We’re just over a year past the beginning of the uprisings in Libya that ultimately produced (along with, of course, NATO’s intervention) Muammar Qaddafi’s ouster. And there are now increasing calls for some form of military intervention in Syria. As such, this seems like an important time to evaluate the aftermath of NATO’s intervention in Libya, and how it intersects with American interests.
Essentially, there is a dearth of information publicly available about the state of affairs in Libya, but we nonetheless know a number of facts unambiguously:
- The TNC has yet to establish its authority within Tripoli. However well-meaning its endeavors may be, they are not being executed or enforced outside a very small geographic area.
- The overwhelming majority of the country is ruled by local militias under commanders with no accountability or common code of conduct.
- Several towns (including Zintan, Misrata, and Benghazi) are dominated by local warlords who have power equal to, or greater than, the capital. Indeed, the emergence of a western council in the Nafusa Mountains that directly opposes the TNC is a testament to its weakness.
- Qaddafi loyalists (more tribal than ideological in nature) have successfully retaken Bani Walid, and have not been displaced.
- The Libyan Islamic Fighting Group is well established in parts of Tripoli and Derna. Its rise is directly correlated to attacks against Sufi shrines, and the movement of foreign volunteers going to fight in Syria.
- There has been a rash of ongoing retaliatory ethnic and tribal fighting against communities perceived to be pro-Qaddafi, most notably Tuaregs, Berbers, and black Africans.
- The influx of weaponry and returning Tuareg mercenaries after Qaddafi’s fall has helped to destabilize a not-inconsiderable part of Mali. Violent incidents occurring in Algeria, Niger, and Tunisia have also been traced back to Libya.
- Al Qaeda in the Islamic Maghreb’s Sahara emir, Mokhtar Belmokhtar, claims to have absconded with a considerable amount of Qaddafi’s arsenal. The U.N. has claimed that this has been used to outfit Boko Haram.
Qaddafi’s last enclaves fell in September, so it has been less than five months since the (first phase of?) major fighting ended. If you’re drawing a parallel to Iraq in 2003, there was more violence in Iraq in terms of high-profile attacks by what would later become Al Qaeda in Iraq against the U.N., U.S. forces, and Shia religious leadership. There is also no parallel to countries like Iran or Syria that are actively trying to export instability and violence into Libya at present. A better parallel is perhaps Afghanistan, which in 2002 was more or less carved up between various warlords, then severely neglected by the U.S. and its allies as America’s focus shifted to Iraq. The Taliban wasn’t able to resurge until 2005, and it took quite a while before Afghanistan’s cracks began to show. In Libya, conflict may well become more severe once the TNC tries to seriously enforce its authority, or one of the various factions gets organized enough to try to either declare autonomy or take over the country.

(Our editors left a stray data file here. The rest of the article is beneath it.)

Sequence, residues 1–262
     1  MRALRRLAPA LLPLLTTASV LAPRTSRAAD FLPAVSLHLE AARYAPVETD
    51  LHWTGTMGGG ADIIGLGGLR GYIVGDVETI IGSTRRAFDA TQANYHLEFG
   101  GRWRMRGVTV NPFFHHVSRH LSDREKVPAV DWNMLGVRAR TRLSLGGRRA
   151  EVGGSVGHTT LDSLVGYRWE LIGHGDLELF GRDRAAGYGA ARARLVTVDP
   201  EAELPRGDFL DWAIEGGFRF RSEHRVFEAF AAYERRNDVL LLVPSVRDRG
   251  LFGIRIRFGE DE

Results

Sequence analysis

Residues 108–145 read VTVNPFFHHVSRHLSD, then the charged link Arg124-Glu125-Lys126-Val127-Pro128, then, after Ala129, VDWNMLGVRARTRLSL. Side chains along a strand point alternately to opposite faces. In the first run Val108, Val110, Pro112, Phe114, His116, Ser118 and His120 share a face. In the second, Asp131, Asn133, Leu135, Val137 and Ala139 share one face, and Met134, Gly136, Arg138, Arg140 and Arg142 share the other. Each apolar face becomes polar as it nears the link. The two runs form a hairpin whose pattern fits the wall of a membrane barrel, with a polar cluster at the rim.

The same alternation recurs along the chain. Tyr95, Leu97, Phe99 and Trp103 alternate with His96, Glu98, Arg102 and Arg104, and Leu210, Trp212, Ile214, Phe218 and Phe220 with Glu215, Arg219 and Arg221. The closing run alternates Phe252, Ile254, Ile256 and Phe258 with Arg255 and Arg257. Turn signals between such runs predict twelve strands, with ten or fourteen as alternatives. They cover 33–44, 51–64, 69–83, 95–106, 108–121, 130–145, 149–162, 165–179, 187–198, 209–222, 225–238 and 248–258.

While there was a good deal of waxing Churchillian about stopping the violence and toppling the Colonel’s government, nobody seems interested in cleaning up a growing mess in Libya. The result is that a lot of rapid changes have come to the country, particularly in terms of reducing it to a balkanized state, and infusing the Maghreb (and other parts of Africa) with a significant amount of weaponry that is readily available to the highest bidder. The argument that an intervention in Libya was in the U.S.’s strategic interest was tenuous from the outset, and it remains unclear that a single American interest was advanced by this military commitment. At this point, the intervention doesn’t appear to have bought us any tangible goodwill in the Arab street, and may have helped to severely destabilize the northern region of a country that, as of 2006, produced 1.8 million barrels of oil per day.
Of course, we still don’t know precisely how things will turn out in Libya. As Ann Marlowe rightly points out, “Americans should not be too quick to judge how the country will evolve in the coming years.” But, particularly in an age of limited resources, we do need to evaluate our strategic interests, particularly where lessons from the Libyan intervention are applicable to other actions that some observers believe the U.S. should undertake abroad. And the early picture of Libya in February 2012 is not particularly positive.